FERNAND HENROTIN, M. D.

Source: Album of Genealogy and Biography, Cook County, Illinois with Portraits 3rd ed. revised and extended (Chicago: Calumet Book & Engraving Co., 1895), pp. 45-46

FERNAND HENROTIN, M. D., one of the most eminent physicians of Chicago, and one who in the line of his profession may be said to have achieved a national reputation, was born in Brussels, the gay little capital of Belgium, a city which in its arts, its sciences, its civic pride and social life has been likened to Paris on a small scale.  His parents were Joseph F. and Adele (Kinsoen) Henrotin, both of whom were also natives of Belgium.   The father (for sketch of whom see other pages in this volume) achieved distinction in his native land and in Chicago in the same profession in which his son, the subject of this sketch, is bearing such honorable renown.   Not content with the limited possibilities of the Old Country, he emigrated to the United States, the year of his son Fernand’s birth (1848) witnessing the arrival of himself and family in this country.

Fernand Henrotin, who is to all intents and purposes a native Chicagoan, was reared in this city, receiving his earlier education in its public and high schools.  Having a decided taste for the study of medicine, inherited probably, as his paternal grandfather had also been a physician, on the completion of his high-school course he entered Rush Medical College, then as now one of the foremost institutions of its kind in the Northwest.   Here he pursued a thorough course of study, and in February, 1869, being then only twenty-one years of age, was duly graduated.   At once after leaving college he established himself in practice, and entered upon a career which has brought him both fame and fortune.  With the prestige of his father’s honorable name, combined with his own skill, energy and conscientiousness, it was not long before he came into prominence, and in 1872-73 he held the responsible office of County Physician, the first of a series of public and professional positions he has held and filled with most eminent success.

In no other profession or business does the individuality of a man appear to play so important a part as in the medical profession.   Endowed with a natural liking for the work he has chosen; of a singularly brilliant and receptive mind; gifted with the faculty of being able to reject the false and accept the true; conservative enough to cling to the proven beneficial; and progressive enough to stand alone, if need be, as the champion of any reform, it is not strange that in a city like Chicago, with its keen appreciation of men of genius, Dr. Henrotin has found his level and stands pre-eminent in his profession.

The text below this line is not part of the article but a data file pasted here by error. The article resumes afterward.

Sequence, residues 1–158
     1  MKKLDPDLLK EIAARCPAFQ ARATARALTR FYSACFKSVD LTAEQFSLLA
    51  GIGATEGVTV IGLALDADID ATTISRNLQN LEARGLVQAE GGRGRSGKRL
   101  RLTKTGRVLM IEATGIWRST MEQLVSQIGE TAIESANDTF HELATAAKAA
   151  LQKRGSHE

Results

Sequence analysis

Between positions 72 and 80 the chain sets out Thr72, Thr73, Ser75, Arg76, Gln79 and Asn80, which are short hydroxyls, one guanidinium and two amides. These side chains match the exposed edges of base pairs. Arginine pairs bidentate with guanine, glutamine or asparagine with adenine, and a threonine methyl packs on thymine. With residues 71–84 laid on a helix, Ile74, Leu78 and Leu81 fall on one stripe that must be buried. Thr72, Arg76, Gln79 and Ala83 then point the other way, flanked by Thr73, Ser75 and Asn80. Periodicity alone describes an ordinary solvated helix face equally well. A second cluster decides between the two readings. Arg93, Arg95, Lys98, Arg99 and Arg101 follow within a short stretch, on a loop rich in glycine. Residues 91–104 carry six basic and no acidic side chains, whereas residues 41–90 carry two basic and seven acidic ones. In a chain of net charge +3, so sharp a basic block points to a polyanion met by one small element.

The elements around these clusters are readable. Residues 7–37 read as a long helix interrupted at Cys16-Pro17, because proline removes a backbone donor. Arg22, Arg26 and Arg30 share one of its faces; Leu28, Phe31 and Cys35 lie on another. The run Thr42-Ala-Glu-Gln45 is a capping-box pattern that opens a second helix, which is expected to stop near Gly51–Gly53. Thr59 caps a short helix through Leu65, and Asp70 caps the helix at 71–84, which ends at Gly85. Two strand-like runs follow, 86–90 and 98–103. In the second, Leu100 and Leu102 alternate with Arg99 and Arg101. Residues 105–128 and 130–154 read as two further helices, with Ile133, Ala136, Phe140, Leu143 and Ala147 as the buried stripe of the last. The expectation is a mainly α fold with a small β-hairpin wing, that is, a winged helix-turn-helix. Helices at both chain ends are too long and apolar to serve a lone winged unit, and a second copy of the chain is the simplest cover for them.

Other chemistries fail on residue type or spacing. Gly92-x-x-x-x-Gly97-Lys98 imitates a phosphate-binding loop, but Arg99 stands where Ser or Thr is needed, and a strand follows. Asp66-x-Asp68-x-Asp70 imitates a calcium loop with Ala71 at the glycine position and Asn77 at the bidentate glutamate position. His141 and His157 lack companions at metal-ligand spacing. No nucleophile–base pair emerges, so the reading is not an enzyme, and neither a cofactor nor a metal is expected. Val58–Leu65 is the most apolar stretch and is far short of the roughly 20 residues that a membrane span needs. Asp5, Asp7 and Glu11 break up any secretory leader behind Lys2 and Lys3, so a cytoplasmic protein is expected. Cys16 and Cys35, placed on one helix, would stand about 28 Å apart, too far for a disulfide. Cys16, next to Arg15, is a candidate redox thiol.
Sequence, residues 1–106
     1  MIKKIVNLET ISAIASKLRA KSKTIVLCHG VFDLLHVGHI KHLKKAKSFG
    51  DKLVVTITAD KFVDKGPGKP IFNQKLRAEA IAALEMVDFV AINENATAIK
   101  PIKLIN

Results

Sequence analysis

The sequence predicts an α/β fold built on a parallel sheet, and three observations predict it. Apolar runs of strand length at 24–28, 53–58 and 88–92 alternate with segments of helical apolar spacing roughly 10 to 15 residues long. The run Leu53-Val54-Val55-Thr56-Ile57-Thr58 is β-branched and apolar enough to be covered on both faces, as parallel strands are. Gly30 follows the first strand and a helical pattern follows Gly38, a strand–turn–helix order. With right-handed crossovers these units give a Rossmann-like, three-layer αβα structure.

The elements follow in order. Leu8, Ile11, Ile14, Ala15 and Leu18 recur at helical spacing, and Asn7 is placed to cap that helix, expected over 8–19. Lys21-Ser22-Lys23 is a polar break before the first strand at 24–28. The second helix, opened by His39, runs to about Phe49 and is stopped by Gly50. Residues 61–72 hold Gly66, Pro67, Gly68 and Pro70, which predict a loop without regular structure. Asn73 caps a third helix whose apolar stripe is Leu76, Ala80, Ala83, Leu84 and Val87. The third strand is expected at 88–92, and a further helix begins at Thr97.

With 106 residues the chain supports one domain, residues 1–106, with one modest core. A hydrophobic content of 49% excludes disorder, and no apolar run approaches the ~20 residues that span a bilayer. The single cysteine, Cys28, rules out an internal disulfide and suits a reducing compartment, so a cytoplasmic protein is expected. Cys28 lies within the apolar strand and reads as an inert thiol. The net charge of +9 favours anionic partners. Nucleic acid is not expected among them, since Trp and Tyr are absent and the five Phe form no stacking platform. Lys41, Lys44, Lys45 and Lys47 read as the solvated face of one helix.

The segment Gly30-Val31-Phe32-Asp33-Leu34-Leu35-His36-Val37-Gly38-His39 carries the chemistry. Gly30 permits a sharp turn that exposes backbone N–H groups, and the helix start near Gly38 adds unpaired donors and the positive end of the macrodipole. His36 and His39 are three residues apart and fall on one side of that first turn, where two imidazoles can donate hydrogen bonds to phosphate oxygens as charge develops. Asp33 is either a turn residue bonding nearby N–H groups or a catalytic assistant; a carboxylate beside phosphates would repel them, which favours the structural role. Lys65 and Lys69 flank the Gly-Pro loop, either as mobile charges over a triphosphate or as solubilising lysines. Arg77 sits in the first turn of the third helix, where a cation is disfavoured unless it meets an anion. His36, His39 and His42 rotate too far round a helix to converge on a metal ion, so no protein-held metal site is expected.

While never relinquishing his large private practice, he has yet found time to fill many outside positions of trust and responsibility, and was for some twelve years on the staff of attending physicians at the Cook County Hospital, for eight years was surgeon of the Alexian Brothers’ Hospital, was surgeon of the Chicago Police Department for twelve years, and for the past seventeen years has been surgeon of the Chicago Fire Department.  He is now Professor of Diseases of Women in the Chicago Polyclinic, is a member of the Chicago Medical Society, President of the Chicago Gynecological Society, Vice-President of the American Gynecological Society, Consulting Gynecologist to St. Joseph’s Hospital, Corresponding Member of the Philadelphia and Belgian Gynecological Societies, and Secretary-General for America of the International Congress of Obstetrics and Gynecology.  He has also written a number of monographs on intestinal and uterine surgery, which have been widely read and are considered a boon by the members of the profession.

In his social life Dr. Henrotin is considered an all-round “good fellow,” and could he spare time from his many and arduous duties would be in constant social demand.  Added to an unusually fine physique are many engaging qualities of head and heart.  Exceedingly well-read, with an extended knowledge of all subjects of practical interest, not alone as regards his profession, but in the wider range of arts and sciences and in social and political economy; conscientious, warm-hearted, generous, a consistent believer in the Divine injunction to do unto others as you would have them do unto you, he is a man whose friendship is considered an honor by those who are fortunate enough to possess it.  For some years he has been a member of the Union Club, though in his busy life he finds little time to spare for its pleasures and recreations.  In politics he is a Democrat, but is not bound by hard-and-fast party lines, voting for men whom he thinks are conscientious enough to support correct principles.

In the spring of 1873 the Doctor married Miss Emily Prussing, a daughter of Charles G. Prussing, a well-known pioneer of Chicago.   Mrs. Henrotin is a woman of many accomplishments and graces of character, and has been a help and inspiration to her husband in a thousand and one ways.  Of an artistic temperament, she has distinguished herself especially as an amateur painter, and her home is famous for its beautiful surroundings, as well as for the genial hospitality which abounds within its walls.

                                -- Submitted on 9/5/99 by Sherri Hessick ( slhessick@crosswinds.net )